American Entrepreneurship History


The United States has distinct advantages to foster entrepreneurship.  Founded on the ideals of capitalism, free enterprise, and a spirit of healthy competition, the USA encourages business innovation and success.  It started with our founding father inventor Ben Franklin who gave us the lightning rod, bifocals, the first circulating library, the Franklin Stove, and the first mutual insurance company.  Vanderbilt founded his empire on transportation, first sail, then steamboats, and finally railroads.  Andrew Carnegie provided the steel for the rails and the bridges needed to expand West.  John Astor used fur trading then musical instruments before settling on real estate for his fortune.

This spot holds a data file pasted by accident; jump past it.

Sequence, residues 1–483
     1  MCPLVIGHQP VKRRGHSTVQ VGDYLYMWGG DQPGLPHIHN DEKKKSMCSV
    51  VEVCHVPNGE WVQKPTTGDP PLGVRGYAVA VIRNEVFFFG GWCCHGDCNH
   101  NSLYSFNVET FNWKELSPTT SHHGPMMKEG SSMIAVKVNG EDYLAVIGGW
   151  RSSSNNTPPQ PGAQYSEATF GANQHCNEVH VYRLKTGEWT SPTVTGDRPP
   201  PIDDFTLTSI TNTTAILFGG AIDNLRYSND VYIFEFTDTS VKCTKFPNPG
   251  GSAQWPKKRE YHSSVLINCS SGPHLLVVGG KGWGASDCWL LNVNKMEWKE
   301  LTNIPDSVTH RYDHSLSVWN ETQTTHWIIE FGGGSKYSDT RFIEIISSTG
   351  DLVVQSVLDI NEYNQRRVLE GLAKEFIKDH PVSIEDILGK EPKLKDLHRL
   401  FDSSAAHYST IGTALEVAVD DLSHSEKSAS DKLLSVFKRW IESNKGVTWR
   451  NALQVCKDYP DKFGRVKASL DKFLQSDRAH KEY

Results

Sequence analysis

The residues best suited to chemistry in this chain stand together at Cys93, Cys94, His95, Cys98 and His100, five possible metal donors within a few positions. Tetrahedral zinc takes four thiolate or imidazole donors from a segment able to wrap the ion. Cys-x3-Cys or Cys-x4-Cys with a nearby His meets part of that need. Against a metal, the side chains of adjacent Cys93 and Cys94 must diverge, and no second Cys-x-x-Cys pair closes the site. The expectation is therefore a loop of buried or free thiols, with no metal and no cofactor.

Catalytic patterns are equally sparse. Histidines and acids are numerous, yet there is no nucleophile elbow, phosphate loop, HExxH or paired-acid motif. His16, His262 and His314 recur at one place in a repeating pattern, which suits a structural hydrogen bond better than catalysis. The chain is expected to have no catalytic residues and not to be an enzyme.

American capitalism made risk-taking comfortable, created a close relationship between universities and industry, provided venturesome consumers willing to try new products.  17% of America’s GDP is entrepreneurship, per the SBA there are 25 million small businesses, and 75% of new jobs are created by them.  It is the innovator and not the inventor who is the driving force in economic progress.  Although statistics show two thirds of all new businesses fail within five years, they provide critical information about wants and needs.  Henry Ford along with A. P. Giannini (Bank of America) and Sam Walton declared bankruptcy three times.